Remember your 40s? I certainly do, and although I’m approaching the middle of my fifth decade, I’m feeling just as good as I did a decade ago. I credit this well-being with recognizing I needed to make some lifestyle adjustments as I became more chronologically established in middle age. So here are 11 things I’m doing for my health in my 50s that I wasn’t doing in my 40s…and why. Read More
Legend has it that around about 490 BC, a Greek messenger ran the twenty-six-and- change-mile route from Marathon to Athens to announce the Greeks’ victory at the Battle of Marathon. Now, a couple of millennia later, about half a million people annually pay hefty entrance fees and spend months preparing to run 26.2 miles in marathons the world over.
I don’t necessarily fault them; I’ve run marathons myself, along with a few other ultra-long-distance running events.
But here’s the part of the marathon-origin story that most long-distance runners forget: after he delivered his message, the messenger died.
If only he’d had Skype.
And this fleet-footed Greek was a professional messenger. He routinely did runs of this distance. On the day he did his Marathon run, he had fought in the Battle of Marathon. Talk about an overachiever.
The same unfortunate fate befell Micah True, the long-distance runner who is one of the heroes of Christopher McDougall’s book Born to Run. After decades of running distances of up to one hundred miles at a stretch, he died at age fifty-eight while on a routine training run.
It’s unlikely you’ll suffer the Greek messenger’s fate if you decide to run a single marathon and you prepare well for it. But, whatever your buddy at the office, or your Facebook friend Pat, or your son tells you, by no means should you consider long- distance running a viable way to improve your health and longevity, nor should you consider it something to do on a regular basis.
If you are a 120-pound, 8 percent body fat, Nike-sponsored slip of a thing who is obviously genetically suited for such madness (and making good money off it), knock yourself out; it’s your livelihood, and you do what you have to do. Failing that, though, running marathons—or even running long distances frequently—is not an effective way to get fit. It may even be bad for your health.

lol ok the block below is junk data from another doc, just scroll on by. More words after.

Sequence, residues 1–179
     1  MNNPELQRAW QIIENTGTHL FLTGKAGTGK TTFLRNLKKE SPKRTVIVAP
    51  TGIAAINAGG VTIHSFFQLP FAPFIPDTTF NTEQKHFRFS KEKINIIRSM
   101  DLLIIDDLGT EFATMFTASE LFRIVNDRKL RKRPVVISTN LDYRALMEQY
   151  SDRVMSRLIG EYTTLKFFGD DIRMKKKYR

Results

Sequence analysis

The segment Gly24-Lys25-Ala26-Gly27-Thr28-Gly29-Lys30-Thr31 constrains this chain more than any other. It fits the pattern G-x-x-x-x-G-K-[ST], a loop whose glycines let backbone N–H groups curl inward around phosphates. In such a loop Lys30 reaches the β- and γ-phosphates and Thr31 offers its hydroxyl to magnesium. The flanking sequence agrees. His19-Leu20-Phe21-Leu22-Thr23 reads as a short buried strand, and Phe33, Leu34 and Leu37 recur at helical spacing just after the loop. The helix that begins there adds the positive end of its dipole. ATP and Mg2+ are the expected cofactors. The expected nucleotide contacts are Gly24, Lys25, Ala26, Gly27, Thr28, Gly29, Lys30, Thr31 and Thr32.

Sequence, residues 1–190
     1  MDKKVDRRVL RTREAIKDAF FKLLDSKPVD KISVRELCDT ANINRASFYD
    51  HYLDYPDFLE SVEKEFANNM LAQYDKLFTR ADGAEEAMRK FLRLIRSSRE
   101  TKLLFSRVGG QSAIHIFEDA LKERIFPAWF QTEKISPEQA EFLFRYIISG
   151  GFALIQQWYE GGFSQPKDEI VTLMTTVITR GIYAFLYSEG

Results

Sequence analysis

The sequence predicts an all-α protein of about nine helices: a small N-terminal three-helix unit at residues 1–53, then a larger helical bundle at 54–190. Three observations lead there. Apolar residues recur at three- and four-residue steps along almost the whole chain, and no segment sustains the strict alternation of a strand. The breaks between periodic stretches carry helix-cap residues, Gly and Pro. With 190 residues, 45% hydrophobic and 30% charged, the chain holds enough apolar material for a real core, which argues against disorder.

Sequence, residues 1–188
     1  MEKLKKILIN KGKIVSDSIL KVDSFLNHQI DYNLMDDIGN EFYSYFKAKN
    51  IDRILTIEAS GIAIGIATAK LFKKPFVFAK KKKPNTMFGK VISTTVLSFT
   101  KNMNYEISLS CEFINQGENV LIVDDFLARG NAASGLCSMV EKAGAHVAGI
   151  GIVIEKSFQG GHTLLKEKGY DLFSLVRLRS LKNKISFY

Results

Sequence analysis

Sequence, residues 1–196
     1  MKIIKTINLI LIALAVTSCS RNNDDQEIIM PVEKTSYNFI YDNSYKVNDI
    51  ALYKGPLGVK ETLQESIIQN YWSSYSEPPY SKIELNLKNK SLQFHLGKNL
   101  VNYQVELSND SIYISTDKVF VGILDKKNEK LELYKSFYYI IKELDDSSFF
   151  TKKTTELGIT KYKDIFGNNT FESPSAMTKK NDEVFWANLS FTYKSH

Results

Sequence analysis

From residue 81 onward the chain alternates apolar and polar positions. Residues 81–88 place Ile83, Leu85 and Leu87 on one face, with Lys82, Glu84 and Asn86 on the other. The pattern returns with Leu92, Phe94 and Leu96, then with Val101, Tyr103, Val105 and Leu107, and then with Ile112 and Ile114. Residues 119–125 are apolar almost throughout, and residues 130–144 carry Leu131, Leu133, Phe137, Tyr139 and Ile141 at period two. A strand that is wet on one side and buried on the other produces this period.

Here’s why: As guys, we’re highly susceptible to the “more is better” myth. If running two miles three times a week is good for you, we assume that ten miles seven times a week must be great for you. It’s not so. For one thing, the nutritional requirements of training for and completing a marathon—bars, gels, sports drinks, and the like, all of which are variations on straight sugar—are antithetical to good eating habits. A few long-distance athletes, such as Ironman Dave Scott and ultramarathoner Scott Jurek, eat plant-based diets, so it can be done without eating all the processed, sugary crap. But junk is so ubiquitous at these events, and so much a part of the culture of training, that it can be hard to avoid.
What is human growth hormone?
HGH is a hormone and a protein produced in the pituitary gland. Although it has a role in maintaining healthy tissue overall, it is probably best known for assisting in increasing muscle mass and bone density and an ability to promote cell growth and regeneration by activating receptors to initiate the process. Human growth hormone also can boost libido, slow the progression of age-related degenerative diseases, and help support a sense of well-being. Read More
Taking a probiotic supplement is one of the best things you can do for your body. The special microorganisms that we call beneficial bacteria dwell in your gut (intestinal tract) where they help maintain a healthful, balanced environment that is critical for overall health.